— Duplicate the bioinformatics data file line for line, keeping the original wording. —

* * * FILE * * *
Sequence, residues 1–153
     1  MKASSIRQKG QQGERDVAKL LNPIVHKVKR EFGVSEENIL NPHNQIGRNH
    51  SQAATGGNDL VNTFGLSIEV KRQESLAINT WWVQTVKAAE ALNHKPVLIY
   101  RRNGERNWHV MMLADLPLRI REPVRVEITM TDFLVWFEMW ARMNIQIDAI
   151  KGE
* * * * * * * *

Sequence, residues 1–153
     1  MKASSIRQKG QQGERDVAKL LNPIVHKVKR EFGVSEENIL NPHNQIGRNH
    51  SQAATGGNDL VNTFGLSIEV KRQESLAINT WWVQTVKAAE ALNHKPVLIY
   101  RRNGERNWHV MMLADLPLRI REPVRVEITM TDFLVWFEMW ARMNIQIDAI
   151  KGE